This is a timely filed claim based on alleged injuries suffered by Sidney
Lynn (hereinafter "claimant"), due to the intentional torts of defendant. On
March 4, 2004, a bifurcated trial was held to determine liability.
initial facts of this case are not, for the most part, in question. Claimant
and defendant’s employee, Department of Environmental Conservation Officer
John Fitzpatrick (hereinafter “Fitzpatrick”), were each driving a
vehicle northbound on Nicolls Road in the Town of Brookhaven. Fitzpatrick was
following a fellow DEC officer to the Region 1 office in Stony Brook. The two
became separated and Fitzpatrick did not know his way. At the intersection of
Nicolls Road and the entrance to The Suffolk County Community College, a light
controlling the intersection was red. Claimant was stopped at the light when
Fitzpatrick pulled up alongside him. Nicolls Road is a north/south road with
two lanes in each direction. Fitzpatrick pulled up to the red light in the left
hand turn lane, momentarily stopped, activated front and rear police lights and
then went through the light.
Thereafter, the details of what happened
differ. The next intersection was Coleman Road, which also had a red light and,
according to Fitzpatrick, was much busier. Fitzpatrick stopped his vehicle at
this intersection. Claimant pulled up alongside Fitzpatrick and motioned for
Fitzpatrick to roll down his window. According to claimant, he then asked,
“[a]re you someone special that you can go through a red light?”
(Tr. 14). Fitzpatrick, who was driving an unmarked police vehicle, responded
that he was a police officer. Claimant answered that he, too, was a police
officer and then testified that Fitzpatrick directed him to pull over or he
would be arrested for criminal impersonation (Tr. 15).
claimant, he pulled over onto the grassy shoulder and Fitzpatrick pulled his car
in behind claimant’s vehicle. Each of the drivers exited his vehicles and
Fitzpatrick asked claimant for his police ID. Initially, claimant says that he
refused to show his police ID, but then complied. When he asked to see
Fitzpatrick’s ID, claimant says Fitzpatrick took it out and flashed it
quickly. According to claimant, he returned to his vehicle, got a pencil and
paper and asked to see Fitzpatrick’s ID again, but was refused. Claimant
then wrote down the license plate number of Fitzpatrick’s car and began to
walk to his car to leave. Claimant testified that before he got into his car,
Fitzpatrick told him not to get into the vehicle, but claimant did anyway. Upon
Fitzpatrick ordering him a second time not to get in the vehicle, claimant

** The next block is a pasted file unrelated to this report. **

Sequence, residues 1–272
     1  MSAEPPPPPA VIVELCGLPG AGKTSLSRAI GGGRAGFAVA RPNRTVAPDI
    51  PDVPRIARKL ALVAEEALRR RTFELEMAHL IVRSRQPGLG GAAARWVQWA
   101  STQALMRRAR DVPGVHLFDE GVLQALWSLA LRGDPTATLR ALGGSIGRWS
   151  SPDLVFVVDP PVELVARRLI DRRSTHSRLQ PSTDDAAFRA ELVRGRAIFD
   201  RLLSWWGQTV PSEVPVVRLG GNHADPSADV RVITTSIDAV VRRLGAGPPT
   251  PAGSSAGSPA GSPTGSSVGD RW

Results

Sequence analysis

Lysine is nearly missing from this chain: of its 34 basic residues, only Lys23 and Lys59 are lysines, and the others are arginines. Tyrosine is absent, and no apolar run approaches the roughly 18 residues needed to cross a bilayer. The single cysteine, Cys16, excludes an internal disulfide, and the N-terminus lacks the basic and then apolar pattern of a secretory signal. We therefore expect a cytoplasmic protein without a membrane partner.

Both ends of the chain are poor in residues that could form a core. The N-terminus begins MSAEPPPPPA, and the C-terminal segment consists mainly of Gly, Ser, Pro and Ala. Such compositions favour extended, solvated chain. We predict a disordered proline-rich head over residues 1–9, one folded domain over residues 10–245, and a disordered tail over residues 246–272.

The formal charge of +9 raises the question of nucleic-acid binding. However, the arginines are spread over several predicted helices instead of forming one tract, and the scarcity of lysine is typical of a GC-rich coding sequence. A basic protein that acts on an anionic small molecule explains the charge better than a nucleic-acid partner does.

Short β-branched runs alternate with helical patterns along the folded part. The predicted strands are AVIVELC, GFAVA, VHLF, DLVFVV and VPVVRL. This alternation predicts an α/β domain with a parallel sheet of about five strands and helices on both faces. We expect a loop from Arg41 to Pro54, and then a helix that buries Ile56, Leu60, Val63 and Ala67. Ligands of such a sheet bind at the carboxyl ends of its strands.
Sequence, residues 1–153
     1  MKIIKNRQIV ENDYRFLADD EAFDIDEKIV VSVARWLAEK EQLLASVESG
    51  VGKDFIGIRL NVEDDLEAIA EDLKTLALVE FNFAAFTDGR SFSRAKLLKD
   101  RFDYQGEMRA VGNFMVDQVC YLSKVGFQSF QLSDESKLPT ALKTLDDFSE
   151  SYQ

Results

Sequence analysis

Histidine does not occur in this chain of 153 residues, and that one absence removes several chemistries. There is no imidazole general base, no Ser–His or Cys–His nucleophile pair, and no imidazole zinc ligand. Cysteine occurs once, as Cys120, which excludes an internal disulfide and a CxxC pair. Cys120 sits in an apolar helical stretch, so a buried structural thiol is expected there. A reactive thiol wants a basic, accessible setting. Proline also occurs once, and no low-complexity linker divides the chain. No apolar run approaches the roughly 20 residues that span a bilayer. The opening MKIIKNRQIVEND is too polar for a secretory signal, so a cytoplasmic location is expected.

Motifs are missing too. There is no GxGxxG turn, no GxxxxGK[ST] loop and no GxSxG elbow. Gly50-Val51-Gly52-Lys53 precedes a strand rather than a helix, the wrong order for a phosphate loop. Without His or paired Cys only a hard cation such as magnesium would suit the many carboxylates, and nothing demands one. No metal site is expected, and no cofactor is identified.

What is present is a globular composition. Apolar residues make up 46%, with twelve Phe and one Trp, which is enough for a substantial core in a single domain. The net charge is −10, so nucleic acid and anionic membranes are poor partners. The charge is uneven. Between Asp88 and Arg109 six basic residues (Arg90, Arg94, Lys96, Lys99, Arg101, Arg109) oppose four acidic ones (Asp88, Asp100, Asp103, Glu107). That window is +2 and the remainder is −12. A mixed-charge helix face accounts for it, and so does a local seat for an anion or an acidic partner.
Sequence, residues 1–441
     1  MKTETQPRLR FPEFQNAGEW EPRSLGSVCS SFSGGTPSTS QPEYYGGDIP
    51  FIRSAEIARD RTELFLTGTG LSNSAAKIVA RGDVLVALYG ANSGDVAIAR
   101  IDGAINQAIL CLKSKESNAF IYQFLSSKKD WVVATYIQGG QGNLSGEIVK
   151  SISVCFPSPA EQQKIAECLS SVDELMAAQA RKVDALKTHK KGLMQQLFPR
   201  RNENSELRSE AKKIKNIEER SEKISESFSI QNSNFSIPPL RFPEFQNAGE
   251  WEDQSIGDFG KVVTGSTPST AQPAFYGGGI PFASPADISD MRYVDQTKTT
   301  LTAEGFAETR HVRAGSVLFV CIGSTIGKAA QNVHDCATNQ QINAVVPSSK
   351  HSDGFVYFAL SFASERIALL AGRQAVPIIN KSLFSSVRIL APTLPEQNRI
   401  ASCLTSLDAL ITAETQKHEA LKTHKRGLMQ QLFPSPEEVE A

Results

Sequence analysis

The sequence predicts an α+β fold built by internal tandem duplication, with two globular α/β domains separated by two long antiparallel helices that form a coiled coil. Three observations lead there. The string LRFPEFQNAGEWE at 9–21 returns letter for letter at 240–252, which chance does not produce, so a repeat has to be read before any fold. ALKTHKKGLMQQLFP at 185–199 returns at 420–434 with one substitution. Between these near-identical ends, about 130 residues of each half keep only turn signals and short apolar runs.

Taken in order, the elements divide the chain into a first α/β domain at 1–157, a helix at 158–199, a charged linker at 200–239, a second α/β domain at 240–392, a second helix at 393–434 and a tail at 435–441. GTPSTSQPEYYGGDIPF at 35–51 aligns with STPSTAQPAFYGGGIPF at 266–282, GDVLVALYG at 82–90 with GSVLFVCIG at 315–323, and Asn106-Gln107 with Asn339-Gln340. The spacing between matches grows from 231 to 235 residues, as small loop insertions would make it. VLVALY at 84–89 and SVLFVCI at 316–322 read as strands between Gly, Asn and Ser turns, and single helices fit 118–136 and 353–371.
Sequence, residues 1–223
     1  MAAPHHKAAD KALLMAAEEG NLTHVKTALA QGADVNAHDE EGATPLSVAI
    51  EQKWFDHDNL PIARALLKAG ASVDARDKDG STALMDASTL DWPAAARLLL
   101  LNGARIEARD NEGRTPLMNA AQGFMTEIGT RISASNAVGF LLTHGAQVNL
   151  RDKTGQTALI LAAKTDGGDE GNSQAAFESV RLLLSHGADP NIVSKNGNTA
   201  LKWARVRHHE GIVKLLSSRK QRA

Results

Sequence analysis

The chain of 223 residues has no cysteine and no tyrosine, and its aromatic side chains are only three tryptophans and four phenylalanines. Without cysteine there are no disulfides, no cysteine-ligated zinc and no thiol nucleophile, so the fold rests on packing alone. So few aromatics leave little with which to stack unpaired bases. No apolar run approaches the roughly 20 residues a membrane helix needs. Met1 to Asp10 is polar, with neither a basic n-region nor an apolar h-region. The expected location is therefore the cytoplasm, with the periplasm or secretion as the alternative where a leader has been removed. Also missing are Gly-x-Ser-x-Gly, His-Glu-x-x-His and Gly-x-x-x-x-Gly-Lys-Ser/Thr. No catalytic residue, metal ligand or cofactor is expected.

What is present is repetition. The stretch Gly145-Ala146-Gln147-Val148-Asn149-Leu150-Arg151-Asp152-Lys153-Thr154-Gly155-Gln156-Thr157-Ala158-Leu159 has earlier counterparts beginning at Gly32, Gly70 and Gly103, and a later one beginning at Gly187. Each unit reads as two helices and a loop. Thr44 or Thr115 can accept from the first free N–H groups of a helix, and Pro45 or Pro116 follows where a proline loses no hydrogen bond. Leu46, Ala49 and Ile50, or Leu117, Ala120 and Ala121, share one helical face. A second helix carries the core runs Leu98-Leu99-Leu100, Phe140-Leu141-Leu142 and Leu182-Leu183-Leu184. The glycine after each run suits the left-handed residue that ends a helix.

responded “F you” (Tr. 16). At this point, Fitzpatrick approached
claimant’s vehicle, reached in and removed claimant’s hand from the
keys on the ignition and told claimant he was under arrest.
Fitzpatrick’s testimony is a variant of claimant’s . He
testified that claimant was not initially compliant in the directive to pull
over. The witness stated he had ordered the claimant to pull over because he
was not driving a police vehicle (marked or unmarked) and was not in uniform.
He stated claimant was directed two or three times to pull over before
complying. After pulling over, Fitzpatrick pulled behind claimant’s
vehicle, but before he was able to exit his vehicle or radio for back-up,
claimant “stormed” towards his car (Tr. 63). Fitzpatrick described
claimant as “angry” and “irate” (Tr. 63 - 64).
According to the witness, claimant demanded to see his identification and
Fitzpatrick produced his police ID and badge. At this point, the witness asked
to see claimant’s police identification. Claimant then refused, on
several occasions, to produce his identification (Tr. 64). When told that he
would be arrested for impersonating a police officer, claimant finally produced
his police identification - - a photo ID from the Village of Ashroken Police
Department. Fitzpatrick testified claimant, after showing his identification,
became extremely angry. He demanded that Fitzpatrick arrest him and claimant
came into physical contact with him as he was yelling to be arrested. Claimant
next went to the rear door of Fitzpatrick’s car and waited to be arrested.
Fitzpatrick stated that he approached claimant and said that he was not planning
on arresting him.
Claimant then began to walk toward his vehicle demanding
to see Fitzpatrick’s credentials again. Fitzpatrick stated that he had
already shown his identification. Claimant now began to leave, but Fitzpatrick
testified that he ordered claimant not to leave. When claimant refused and got
into his vehicle, Fitzpatrick arrested the claimant. Fitzpatrick testified that
the only identification claimant showed him was a photo ID with no badge, which
seemed strange to him.